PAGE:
• Site - A FailureSite value.

These are the four possible values for Status. If you are familiar with the TestResult.xml output from a test execution, these are what get associated with the test-case nodes. I gave an example in my Part 1 post.

  • TestStatus
    • Inconclusive
    • Skipped
    • Passed
    • Warning
    • Failed

These are the possible values for the FailureSite. This will indicate where the failure occurred in the execution of the test execution.

  • FailureSite
    • Test
    • SetUp
    • TearDown
    • Parent
    • Child

One practical way you might use the ResultState would be to check if a test failed. If you have tests that you are running in serial that require the previous to pass, you would want to stop further execution to prevent cascading failures. Here's how you can easily do this:

private bool _stopFurtherExecution = false;

public void SetUp()  
    if (_stopFurtherExecution)
        Assert.Inconclusive("Previous test failed");

public void TearDown()  
    bool status = TestContext.CurrentContext.Result.Outcome.Status;
        _stopFurtherExecution = true;

You could put this in a base class and then have any TestFixture that you want to follow this behavior and inherit from it.


This will return the full file path of the directory in which the current executing assembly is located.


This will return the full file path of where the test is being executed.

We can access the TestDirectory and WorkDirectory like this.

TestContext.WriteLine($"Current TestDirectory: {TestContext.CurrentContext.TestDirectory}");  
TestContext.WriteLine($"Current WorkDirectory: {TestContext.CurrentContext.WorkDirectory}");  

Which, when we execute the tests, would produce a result that looks like this.

<!-- Command to execute tests -->  
D:\SourceCode\BlogSamples>  D:\SourceCode\nunit-console\bin\Release\nunit3-console.exe .\BlogSamples.NUnit\bin\Debug\BlogSamples.NUnit.dll

NUnit Console Runner 3.7.0  
Copyright (C) 2017 Charlie Poole

Runtime Environment  
   OS Version: Microsoft Windows NT 10.0.14393.0
  CLR Version: 4.0.30319.42000

Test Files  

<!-- Output from our tests -->  
=> BlogSamples.NUnit.HelloWorld.Hello, get-testy.
Current TestDirectory: D:\SourceCode\BlogSamples\BlogSamples.NUnit\bin\Debug  
Current WorkDirectory: D:\SourceCode\BlogSamples  

You can see that the TestDirectory is where the actual assembly that we are loading to execute tests and the WorkDirectory is where we are currently at in the powershell window.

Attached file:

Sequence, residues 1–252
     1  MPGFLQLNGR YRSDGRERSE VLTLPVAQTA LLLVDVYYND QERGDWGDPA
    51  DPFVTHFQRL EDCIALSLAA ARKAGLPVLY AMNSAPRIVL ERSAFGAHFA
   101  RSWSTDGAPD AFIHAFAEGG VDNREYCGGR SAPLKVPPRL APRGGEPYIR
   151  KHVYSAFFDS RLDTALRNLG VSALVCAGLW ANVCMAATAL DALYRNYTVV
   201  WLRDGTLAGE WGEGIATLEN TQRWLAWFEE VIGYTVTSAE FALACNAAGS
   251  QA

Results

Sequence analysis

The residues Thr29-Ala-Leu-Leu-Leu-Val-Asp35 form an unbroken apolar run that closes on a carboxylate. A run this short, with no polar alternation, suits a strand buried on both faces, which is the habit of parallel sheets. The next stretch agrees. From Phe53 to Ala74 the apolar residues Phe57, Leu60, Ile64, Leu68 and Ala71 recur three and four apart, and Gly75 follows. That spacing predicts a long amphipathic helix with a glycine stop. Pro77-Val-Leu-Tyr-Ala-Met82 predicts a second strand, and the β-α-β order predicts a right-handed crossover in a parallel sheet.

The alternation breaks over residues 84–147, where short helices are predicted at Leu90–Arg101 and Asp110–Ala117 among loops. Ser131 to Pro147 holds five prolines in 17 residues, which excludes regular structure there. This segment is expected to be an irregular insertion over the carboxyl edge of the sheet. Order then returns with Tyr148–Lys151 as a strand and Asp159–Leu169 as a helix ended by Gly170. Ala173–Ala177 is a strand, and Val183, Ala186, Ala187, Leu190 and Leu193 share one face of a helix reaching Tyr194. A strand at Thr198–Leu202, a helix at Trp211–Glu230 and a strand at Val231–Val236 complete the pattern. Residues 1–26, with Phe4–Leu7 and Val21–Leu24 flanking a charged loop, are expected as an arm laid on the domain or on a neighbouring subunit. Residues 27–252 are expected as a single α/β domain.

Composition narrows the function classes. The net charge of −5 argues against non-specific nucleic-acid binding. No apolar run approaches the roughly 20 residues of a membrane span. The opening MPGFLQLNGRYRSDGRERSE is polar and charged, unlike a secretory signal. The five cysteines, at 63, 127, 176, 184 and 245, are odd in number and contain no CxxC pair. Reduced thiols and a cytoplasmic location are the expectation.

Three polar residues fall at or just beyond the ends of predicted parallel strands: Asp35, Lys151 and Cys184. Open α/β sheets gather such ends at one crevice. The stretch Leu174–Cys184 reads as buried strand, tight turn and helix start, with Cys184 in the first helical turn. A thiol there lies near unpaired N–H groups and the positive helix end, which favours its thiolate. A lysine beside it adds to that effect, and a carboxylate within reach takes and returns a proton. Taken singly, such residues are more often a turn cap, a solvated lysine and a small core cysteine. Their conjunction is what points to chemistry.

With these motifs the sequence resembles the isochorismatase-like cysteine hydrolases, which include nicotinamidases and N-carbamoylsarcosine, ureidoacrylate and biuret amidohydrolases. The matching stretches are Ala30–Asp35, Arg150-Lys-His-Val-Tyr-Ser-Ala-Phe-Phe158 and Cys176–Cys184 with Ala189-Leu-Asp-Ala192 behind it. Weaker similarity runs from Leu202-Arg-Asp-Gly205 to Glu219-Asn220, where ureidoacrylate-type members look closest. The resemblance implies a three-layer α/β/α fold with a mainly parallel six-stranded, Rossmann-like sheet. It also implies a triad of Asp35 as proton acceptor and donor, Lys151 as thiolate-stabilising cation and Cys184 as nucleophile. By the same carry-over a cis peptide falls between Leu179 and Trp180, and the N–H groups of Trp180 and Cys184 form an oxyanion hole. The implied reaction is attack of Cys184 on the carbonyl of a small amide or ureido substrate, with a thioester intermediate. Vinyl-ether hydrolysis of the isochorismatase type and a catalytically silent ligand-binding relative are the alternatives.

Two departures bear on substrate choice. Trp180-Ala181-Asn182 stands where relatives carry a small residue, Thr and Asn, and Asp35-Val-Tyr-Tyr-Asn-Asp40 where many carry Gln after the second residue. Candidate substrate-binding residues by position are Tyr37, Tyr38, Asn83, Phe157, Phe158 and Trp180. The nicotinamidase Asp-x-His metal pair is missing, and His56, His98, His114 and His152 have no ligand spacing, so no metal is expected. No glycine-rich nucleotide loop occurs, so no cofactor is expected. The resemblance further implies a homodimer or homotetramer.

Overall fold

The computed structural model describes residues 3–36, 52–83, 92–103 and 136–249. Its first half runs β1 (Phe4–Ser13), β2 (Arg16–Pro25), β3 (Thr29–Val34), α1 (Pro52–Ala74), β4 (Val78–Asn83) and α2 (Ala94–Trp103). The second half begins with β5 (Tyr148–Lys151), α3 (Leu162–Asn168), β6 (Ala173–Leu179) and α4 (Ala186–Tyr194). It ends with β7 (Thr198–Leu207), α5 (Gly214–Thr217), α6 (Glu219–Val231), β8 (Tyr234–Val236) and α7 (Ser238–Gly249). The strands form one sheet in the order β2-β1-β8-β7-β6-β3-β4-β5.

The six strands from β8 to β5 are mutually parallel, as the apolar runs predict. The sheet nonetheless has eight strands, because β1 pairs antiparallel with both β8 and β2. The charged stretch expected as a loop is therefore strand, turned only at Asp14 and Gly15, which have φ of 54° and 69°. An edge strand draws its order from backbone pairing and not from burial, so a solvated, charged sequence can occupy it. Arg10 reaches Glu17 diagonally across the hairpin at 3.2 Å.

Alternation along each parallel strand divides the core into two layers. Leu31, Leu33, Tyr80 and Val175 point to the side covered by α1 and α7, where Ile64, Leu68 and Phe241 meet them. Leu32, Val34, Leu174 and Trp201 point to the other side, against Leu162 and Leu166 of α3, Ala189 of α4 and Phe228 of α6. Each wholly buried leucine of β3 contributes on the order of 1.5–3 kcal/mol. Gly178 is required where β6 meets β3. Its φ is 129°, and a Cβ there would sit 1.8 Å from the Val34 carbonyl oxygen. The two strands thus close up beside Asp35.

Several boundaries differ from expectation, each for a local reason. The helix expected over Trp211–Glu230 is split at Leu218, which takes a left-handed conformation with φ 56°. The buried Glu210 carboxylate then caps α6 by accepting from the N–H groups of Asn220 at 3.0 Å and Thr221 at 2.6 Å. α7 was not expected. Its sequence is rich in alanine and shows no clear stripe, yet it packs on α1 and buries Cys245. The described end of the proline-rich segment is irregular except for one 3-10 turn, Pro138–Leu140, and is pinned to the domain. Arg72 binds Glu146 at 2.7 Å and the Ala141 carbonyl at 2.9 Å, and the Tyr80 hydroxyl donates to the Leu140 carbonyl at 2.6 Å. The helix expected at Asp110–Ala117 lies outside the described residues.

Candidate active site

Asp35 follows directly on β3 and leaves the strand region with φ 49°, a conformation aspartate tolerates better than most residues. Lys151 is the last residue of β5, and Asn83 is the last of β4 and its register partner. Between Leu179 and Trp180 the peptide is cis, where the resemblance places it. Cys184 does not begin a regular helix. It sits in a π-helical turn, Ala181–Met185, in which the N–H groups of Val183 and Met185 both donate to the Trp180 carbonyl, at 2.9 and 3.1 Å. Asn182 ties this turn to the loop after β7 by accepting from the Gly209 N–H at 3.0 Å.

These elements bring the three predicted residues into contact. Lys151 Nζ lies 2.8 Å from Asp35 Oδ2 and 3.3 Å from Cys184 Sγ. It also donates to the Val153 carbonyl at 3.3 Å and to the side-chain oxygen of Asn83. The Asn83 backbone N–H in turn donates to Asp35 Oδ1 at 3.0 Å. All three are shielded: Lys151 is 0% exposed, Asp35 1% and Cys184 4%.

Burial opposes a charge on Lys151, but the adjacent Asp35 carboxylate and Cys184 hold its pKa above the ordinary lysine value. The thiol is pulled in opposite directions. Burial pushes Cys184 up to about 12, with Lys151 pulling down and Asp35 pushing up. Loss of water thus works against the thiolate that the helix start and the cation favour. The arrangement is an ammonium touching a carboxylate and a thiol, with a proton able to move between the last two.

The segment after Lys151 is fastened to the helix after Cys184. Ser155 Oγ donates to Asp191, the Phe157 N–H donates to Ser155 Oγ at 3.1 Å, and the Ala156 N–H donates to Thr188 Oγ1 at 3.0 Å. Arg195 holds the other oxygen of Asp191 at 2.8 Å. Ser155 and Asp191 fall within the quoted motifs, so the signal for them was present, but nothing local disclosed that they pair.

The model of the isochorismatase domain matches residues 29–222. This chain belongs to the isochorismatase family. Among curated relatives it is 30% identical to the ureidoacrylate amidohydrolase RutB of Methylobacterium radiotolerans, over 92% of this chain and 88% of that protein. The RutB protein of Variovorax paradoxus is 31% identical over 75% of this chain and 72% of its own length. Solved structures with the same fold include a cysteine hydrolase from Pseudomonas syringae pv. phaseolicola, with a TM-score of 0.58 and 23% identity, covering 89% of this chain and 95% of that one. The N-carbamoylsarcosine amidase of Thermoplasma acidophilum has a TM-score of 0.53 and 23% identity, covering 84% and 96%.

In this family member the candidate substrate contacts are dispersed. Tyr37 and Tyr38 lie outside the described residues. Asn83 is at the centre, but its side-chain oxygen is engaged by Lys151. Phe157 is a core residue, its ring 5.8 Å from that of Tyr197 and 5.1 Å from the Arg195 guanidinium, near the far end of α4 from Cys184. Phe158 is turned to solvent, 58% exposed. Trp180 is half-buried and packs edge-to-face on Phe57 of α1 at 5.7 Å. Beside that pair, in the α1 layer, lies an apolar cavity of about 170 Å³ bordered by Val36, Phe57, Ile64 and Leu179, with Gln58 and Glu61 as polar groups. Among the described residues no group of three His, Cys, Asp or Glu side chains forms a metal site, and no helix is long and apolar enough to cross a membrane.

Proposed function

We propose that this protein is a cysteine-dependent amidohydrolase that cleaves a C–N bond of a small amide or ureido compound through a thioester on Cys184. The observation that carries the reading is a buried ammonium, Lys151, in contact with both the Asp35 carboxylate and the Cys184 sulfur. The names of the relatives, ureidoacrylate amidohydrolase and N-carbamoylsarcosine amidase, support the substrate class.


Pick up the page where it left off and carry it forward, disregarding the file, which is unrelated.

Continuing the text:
This one is probably my favorite property to use. The Random property returns a Randomizer object which can aid you in generating random values to use in your tests. In using Random, if you don't change the assembly or the seed used, you can repeat values on reruns. Which is really cool when you want to send in random data to methods but also be able to rerun tests with the same data if they fail.

You might be thinking, "Why would I want to use this instead of using System.Random directly?" Well, there are a couple reasons why, but the main two include:

  1. Uniform methods. These methods extend the behavior on a wide range of types which System.Random does not include.
    • IE. NextLong, NextLong(long max), and NextLong(long min, long max).
  2. Repeatable values. Like I said above, this is huge for being able to still use random values while also being able to reproduce that random value consistently.

Let's see how we can use Random with our HelloWorld tests. We might want to just see if our Hello method can take in a bunch of different strings, but not have to write out hundreds of tests with data.

public void Random()  
    string randomGreeting = TestContext.CurrentContext.Random.GetString();
    TestContext.WriteLine($"RandomGreeting: {randomGreeting}");

    string greeting = BlogSamples.HelloWorld.Hello(randomGreeting);
    Assert.That(greeting.Equals($"Hello, {randomGreeting}.", StringComparison.Ordinal));

There are a lot of useful properties on the CurrentContext that you can use right away in your tests. Others might only have use when used inside of an Engine Extension, which I will cover in a future post.

This concludes the 2 part series on the TestContext. Be on the lookout for more posts on NUnit in the future.

Now I want to know, how do you use the TestContext inside of your tests?

© 2022. All Rights Reserved.

Proudly published with Ghost